Another of the things they did was that they organized this conference, last year and this year, which was hosted by the National Library. Last year they had Jon "maddog" Hall give the keynote, and he talked about this thin-client internet-access project that he's been putting together with a bunch of folks in Brazil, which really sounds pretty awesome. This year they had Stallman give the keynote instead, and the auditorium was so crowded that I couldn't get in far enough to see him, so I hung out in the library's café instead. (This is Argentina; cafés are a necessity of civilized life, so there is one in the library.)

So I didn't see the talk, and I didn't even see Stallman on his way out, but boy, did I hear about it afterwards in the café. Stallman apparently spent quite a bit of time ripping up the Conectar Igualdad program, because of the dual-booting, because of the lack of support for kids actually running Linux, because of the lack of source code for the modified Linux kernel that was actually running on the machines, and for other reasons.

A person who obeyed social norms would not have considered doing this. After all, he was the guest of the Argentine government, who had invited him to come speak at this conference in order to reinforce their appearance of commitment to free software. Instead, he accepted the invitation and then spent his time shredding their appearance of commitment to free software. What a socially incompetent loser, eh?

A week later I was at a party, and I happened to talk to a woman who works for Conectar Igualdad. She brought up Stallman's speech and said how she had been so happy about it, because he had said all the things that she had been unhappy about but hadn't been able to bring up. And apparently now there are meetings inside Conectar Igualdad to fix the problems that Stallman so publicly criticized.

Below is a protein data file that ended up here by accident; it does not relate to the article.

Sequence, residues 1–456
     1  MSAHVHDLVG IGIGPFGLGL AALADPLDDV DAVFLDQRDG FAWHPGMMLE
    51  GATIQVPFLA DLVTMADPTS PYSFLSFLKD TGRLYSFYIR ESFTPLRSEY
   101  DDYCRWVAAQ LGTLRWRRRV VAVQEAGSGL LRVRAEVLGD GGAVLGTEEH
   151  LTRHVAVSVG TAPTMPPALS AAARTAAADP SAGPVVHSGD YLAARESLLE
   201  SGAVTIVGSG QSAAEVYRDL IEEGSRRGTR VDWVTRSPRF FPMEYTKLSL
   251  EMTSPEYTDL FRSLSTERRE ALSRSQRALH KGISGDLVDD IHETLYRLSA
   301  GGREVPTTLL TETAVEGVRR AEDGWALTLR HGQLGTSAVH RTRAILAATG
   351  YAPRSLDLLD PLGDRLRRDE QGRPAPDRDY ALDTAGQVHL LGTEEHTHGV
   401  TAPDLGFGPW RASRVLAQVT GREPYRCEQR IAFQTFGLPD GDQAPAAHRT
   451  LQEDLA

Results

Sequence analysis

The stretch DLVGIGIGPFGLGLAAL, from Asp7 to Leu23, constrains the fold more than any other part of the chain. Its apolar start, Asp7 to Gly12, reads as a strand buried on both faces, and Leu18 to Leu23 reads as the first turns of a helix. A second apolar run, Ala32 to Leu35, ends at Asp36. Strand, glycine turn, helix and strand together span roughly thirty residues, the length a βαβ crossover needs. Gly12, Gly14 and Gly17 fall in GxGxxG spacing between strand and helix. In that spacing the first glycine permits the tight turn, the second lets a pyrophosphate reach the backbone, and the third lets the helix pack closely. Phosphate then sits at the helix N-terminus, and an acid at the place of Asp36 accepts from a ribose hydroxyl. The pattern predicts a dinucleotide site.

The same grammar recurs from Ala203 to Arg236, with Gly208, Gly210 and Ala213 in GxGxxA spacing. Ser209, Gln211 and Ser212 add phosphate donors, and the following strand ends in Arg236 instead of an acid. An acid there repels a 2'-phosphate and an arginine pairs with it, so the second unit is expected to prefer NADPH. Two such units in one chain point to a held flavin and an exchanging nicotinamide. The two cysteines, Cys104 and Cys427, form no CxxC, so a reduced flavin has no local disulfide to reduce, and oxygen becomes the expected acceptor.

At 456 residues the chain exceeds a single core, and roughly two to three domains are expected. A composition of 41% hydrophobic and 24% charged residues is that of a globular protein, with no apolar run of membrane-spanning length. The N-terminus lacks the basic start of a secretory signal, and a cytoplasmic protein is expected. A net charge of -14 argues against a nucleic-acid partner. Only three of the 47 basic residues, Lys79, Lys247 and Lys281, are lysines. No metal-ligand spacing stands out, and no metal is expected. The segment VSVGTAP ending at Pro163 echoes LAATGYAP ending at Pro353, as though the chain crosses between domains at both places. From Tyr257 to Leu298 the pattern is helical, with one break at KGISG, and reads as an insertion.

Stallman is what is colloquially known as an asshole. He has very little concern for other people's feelings or for social norms. And it's that very unbending nature that makes him an effective change agent. Deferring to social norms would cripple him.

On the other hand, if he were at least aware of the feelings of other people, perhaps he could be leading a much more effective organization, instead of alienating even most of his closest friends over the years.


I was going to say something similar but you've done it much better, with a story to boot. So I'll just chip in with one point I had that you didn't cover directly.

A lot of the posts here are generally of the form "you can't speak ill of the newly dead". (Why? Because that's what regular people do, that's why). But adhering to social norms takes away from freedom. Indifference to what society prescribes is consistent with RMS's beliefs.

Call him what you want, but the man is consistent.

I'm guessing a lot of the angry responders here will have similar "I'm glad he's gone" feelings on RMS's death. Would not publishing those feelings give you the moral high ground over those who do?


How about this: "Speaking ill of the newly dead increases suffering unnecessarily."?

But I think the larger point that both you and the gp are missing is that, sure, sometimes it's effective to violate social norms. Steve Jobs was famously blunt with his criticism in an environment that's excessively polite.

But RMS often violates social norms in a way that does little to advance his cause, the gp's story notwithstanding. Maybe this event was an appropriate time to violate the particular social norm of not criticizing your hosts. But it seems that, increasingly, most of RMS's violations close people's minds to the ideas he champions, instead of persuading them.